If all goes as expected, you will see cluster appeared in the list. Run below command to print the help information for the custom assertion:

kubectl assert cluster --help

You will see below output which is exactly what we define in the comment as above:

Assert cluster with specified name included in kubeconfig fileUsage: kubectl assert cluster (NAME) [options]Options:
-h, --help: Print the help information.
-v, --verbose: Enable the verbose log.
-V, --version: Print the version information.

Summary

To put all things together, the final version of cluster assertion can be found as below:

#!/bin/bash##
# @Name: cluster
# @Description: Assert specified cluster included in kubeconfig
# @Usage: kubectl assert cluster (NAME) [options]
# @Options:
# ${GLOBAL_OPTIONS}
# @Examples:
# # To assert a cluster is included in kubeconfig
# kubectl assert cluster kind-foo
##
function cluster {
# Validate input arguments
[[ -z $1 ]] && logger::error "You must specify a cluster name." && exit 1
# Print assertion message
logger::assert "Cluster with name $1 should be included in kubeconfig."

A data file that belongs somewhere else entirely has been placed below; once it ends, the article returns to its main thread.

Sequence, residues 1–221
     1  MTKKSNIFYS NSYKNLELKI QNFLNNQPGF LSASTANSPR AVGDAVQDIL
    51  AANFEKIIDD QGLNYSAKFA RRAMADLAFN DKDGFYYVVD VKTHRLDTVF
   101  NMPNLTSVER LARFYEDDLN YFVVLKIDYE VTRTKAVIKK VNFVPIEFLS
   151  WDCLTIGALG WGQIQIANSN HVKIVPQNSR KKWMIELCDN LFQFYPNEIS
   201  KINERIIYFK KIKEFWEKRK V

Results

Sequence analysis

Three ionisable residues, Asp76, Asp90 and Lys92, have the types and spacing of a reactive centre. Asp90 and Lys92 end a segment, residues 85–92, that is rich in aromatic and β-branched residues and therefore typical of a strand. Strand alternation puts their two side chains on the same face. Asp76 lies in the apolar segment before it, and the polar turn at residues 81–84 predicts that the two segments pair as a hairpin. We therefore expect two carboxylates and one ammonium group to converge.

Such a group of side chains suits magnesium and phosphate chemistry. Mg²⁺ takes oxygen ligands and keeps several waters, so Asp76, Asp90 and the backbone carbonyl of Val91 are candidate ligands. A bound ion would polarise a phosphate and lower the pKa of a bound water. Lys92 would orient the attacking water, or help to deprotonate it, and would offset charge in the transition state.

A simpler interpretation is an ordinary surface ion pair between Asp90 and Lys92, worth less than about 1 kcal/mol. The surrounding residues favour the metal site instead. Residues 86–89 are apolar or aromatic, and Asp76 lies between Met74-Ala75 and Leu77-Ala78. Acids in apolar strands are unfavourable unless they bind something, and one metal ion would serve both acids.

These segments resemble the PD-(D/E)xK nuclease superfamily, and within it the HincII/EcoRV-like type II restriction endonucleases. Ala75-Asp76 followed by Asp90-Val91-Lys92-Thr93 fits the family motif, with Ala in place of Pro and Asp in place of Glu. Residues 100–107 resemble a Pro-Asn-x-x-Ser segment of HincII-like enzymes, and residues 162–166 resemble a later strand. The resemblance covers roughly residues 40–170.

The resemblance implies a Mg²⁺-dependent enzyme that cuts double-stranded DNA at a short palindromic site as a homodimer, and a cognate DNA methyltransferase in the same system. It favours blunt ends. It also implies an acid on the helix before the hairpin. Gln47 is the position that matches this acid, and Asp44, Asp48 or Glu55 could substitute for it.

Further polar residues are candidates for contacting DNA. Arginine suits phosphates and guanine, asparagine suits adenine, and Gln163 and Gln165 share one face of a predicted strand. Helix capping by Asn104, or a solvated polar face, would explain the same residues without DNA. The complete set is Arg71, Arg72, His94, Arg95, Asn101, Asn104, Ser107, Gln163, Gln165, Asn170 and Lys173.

# Run some kubectl commands
kubectl config get-clusters
# Validate results
if cat $HOME/.kubeassert/result.txt | grep -q ^$1$; then
# Print normal logs
logger::info "Found $1 in kubeconfig."
else
# Print failure message
logger::fail "$1 not found."
fi
}

As you can see, to write custom assertion for KubeAssert is quite easy. In next post, I will show you how to integrate KubeAssert with KUTTL, which is a tool that provides a declarative approach using YAML to test Kubernetes.

You can learn more on KubeAssert by reading its online documents. If you like it, you can consider to give star to this project . Also, any contributions such as bug report and code submission are very welcome.